RESPA was enacted by Congress to protect consumers from abusive practices in the real estate settlement process. 12 U.S.C. § 2601(a). The Consumer Financial Protection Bureau has been authorized to prescribe rules and regulations in furtherance of RESPA's goals. 12 U.S.C. § 2617(a). Plaintiff here asserts violations of two provisions of one such rule. One provision sets forth the timing of submission of a loss mitigation application by the borrower and the procedures for a servicer's obligations when presented with a completed application. See 12 C.F.R. § 1024.41(c). Plaintiff alleges that he timely submitted a complete loss mitigation application, and that Rushmore violated RESPA by failing to review that application and provide McCann with a right to appeal. Compl. ¶ ¶ 12-13.
Another provision states that if a borrower submits a loss mitigation application after the foreclosure process has begun, a servicer shall not conduct a foreclosure sale unless specific conditions are met. See 12 C.F.R. § 1024.41(g). Plaintiff alleges that Rushmore failed to satisfy any of the conditions before the foreclosure sale was held. Compl. ¶ 18.
Borrowers have a private right of action to enforce the procedural requirements set forth in § 1024.21. 12 C.F.R. § 1024.41(a). The remedies available are set forth in section 6(f) of RESPA, which provides for the recovery of monetary damages in the amount of "(A) any actual damage" (A) any actual damages to the borrower as a result of the failure; and (B) any additional damages, as the court may allow, in the case of a pattern or practice of noncompliance with the requirements of this section, in an amount not to exceed $2,000." 12 U.S.C. § 2605(f). Plaintiff seeks actual damages only.
2. RESPA claims and application of the
Federal courts are not automatically barred from determining claims arising under RESPA merely because the state court has entered an order regarding the mortgage and property at issue. See He v. Ocwen Loan Servicing, LLC, 15-CV-4575, 2016 WL 3892405, at *2 (E.D.N.Y. July 14, 2016) (denying motion to dismiss RESPA claim, without discussion of Rooker-Feldman, despite state court entry of a foreclosure order). Indeed, a rote finding that a foreclosure order extinguishes all RESPA claims would be contrary to Congress's intent to protect borrowers from unscrupulous servicers, since the latter would effectively be encouraged to complete foreclosure proceedings as quickly as possible to avoid liability under RESPA.
Instead of a blanket rule, courts have examined each case to determine whether the claims asserted in the federal action were independent of the state court judgment. Federal courts have found that an independent RESPA claim may exist separate and apart from the foreclosure action. See, e.g., Naylor v. Wells Fargo Home Mortg., Inc., No. 3:15-CV-116, 2016 WL 55292, at *5 (W.D.N.C. Jan. 5, 2016) (where plaintiff sought monetary relief"[t]he statecourt foreclosure proceedings have no bearing on the resolution of [the RESPA] claims, and the imposition of damages would not impair Defendants' rights under the foreclosure judgment."); Sanchez v. Onewest Bank, FSB, No. 11 CV 6820, 2013 WL 139870, at *3 (N.D. Ill. Jan. 10, 2013) (finding no preclusion under Rooker-Feldman where RESPA claims were independent from judgment in foreclosure action such that plaintiffs are "not seeking to relitigate those foreclosure proceedings but rather are seeking damages for defendants['] alleged failure" to comply with RESPA); Hornbuckle v. Mortg. Elec. Registration Sys., Inc., No. 10-14306, 2011 WL 5509214, at *6 (E.D. Mich. Nov. 10, 2011) (RESPA is an individual claim "because the source of the alleged injury is not the state court's decision" and is not "predicated upon the validity of the foreclosure.").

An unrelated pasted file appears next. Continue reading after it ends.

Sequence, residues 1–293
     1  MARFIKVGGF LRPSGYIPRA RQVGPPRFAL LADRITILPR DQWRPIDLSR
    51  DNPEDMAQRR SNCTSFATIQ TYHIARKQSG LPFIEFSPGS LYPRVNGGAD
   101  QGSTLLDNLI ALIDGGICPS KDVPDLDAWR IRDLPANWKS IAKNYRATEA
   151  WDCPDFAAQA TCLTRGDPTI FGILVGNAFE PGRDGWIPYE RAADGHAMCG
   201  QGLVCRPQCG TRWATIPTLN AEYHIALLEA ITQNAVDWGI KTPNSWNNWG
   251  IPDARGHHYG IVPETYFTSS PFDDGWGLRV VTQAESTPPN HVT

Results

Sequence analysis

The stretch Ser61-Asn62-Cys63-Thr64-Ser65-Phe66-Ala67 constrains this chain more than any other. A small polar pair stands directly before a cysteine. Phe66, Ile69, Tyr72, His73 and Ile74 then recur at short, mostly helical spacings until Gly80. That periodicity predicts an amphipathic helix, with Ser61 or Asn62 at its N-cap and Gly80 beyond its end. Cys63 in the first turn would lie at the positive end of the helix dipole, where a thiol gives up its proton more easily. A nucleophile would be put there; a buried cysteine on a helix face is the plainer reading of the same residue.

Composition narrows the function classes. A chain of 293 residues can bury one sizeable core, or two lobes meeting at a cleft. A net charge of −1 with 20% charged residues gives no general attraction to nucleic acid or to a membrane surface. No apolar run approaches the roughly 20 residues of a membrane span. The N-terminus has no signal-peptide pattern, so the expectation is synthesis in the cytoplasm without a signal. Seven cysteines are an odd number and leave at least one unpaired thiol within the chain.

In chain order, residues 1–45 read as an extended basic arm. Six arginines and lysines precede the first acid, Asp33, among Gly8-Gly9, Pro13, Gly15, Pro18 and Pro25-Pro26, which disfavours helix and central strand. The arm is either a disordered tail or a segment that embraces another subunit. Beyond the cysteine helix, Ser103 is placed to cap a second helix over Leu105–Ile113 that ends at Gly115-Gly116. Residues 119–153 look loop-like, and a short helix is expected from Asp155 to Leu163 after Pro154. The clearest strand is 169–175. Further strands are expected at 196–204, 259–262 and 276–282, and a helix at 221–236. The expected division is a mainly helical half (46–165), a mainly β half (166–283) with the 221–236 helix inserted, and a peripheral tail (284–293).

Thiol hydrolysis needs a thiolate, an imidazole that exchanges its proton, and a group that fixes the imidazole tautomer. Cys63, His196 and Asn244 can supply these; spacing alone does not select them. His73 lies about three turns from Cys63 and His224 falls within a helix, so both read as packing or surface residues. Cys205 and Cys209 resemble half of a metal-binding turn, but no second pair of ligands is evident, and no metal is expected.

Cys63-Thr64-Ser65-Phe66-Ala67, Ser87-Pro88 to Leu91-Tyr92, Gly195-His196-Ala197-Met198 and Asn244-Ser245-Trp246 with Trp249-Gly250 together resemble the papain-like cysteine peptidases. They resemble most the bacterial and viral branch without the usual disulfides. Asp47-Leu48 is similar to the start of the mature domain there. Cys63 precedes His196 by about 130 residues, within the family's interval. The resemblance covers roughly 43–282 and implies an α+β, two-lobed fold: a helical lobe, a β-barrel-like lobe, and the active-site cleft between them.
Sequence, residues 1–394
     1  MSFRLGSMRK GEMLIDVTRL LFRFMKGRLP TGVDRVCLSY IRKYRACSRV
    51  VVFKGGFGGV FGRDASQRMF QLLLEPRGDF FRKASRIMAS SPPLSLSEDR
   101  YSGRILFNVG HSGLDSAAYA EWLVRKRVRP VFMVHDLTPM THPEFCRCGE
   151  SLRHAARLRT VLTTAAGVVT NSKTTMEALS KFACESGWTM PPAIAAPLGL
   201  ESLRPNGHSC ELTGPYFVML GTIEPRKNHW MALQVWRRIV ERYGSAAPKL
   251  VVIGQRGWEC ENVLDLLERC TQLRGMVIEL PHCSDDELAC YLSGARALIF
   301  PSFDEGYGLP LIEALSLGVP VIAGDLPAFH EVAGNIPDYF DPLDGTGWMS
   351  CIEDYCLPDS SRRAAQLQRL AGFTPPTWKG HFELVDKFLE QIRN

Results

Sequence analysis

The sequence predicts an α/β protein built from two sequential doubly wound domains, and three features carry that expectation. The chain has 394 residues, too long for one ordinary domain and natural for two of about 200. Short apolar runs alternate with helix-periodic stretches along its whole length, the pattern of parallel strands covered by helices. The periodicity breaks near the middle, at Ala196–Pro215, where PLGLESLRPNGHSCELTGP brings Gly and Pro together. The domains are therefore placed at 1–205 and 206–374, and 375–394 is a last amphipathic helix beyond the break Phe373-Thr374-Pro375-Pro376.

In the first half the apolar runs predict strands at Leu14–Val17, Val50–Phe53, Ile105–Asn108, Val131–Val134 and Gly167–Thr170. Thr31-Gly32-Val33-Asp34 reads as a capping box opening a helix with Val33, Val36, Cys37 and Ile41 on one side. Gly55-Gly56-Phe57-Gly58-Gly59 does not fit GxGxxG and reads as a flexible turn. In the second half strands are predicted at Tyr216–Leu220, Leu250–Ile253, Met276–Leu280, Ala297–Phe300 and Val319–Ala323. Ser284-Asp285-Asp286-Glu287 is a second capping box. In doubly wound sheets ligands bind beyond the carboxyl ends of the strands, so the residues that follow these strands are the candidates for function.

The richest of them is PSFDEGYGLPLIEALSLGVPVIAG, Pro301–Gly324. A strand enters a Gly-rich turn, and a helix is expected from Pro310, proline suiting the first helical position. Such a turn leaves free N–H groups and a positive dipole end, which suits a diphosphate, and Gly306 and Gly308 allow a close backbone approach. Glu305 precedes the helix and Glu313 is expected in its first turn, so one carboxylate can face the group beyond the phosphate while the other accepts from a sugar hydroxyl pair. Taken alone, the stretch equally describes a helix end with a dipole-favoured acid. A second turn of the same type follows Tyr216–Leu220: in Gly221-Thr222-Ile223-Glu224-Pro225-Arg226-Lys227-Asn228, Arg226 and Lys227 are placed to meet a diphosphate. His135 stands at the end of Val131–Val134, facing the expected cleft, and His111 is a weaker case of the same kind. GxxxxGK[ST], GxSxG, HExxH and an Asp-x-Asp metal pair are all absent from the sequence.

On the other hand, an independent RESPA claim may not exist where a determination of that claim would conflict with the state court's order in the foreclosure proceeding. See, e.g., Mains v. Citibank, N.A., No. 415CV00036, 2016 WL 1270222, at *7 (S.D. Ind. Mar. 31, 2016) (no independent claim where plaintiff under RESPA sought accounting of payments owed and determination of that question might contradict or conflict with the state court order); Dunn v. Deutsche Bank Nat. Trust, No. 5:15-CV-00809, 2015 WL 5638232, at *5 (N.D.N.Y. July 10, 2015) (finding that "although Plaintiffs claims are framed as violations of TILA and RESPA requirements, those claims are inextricably intertwined with Plaintiffs claim that he was injured by the state court foreclosure judgment depriving him of title to his property"), adopted by 2015 WL 5650182 (N.D.N.Y. Sept. 24, 2015). Thus, a case-by-case determination of the applicability of the Rooker-Feldman doctrine is required.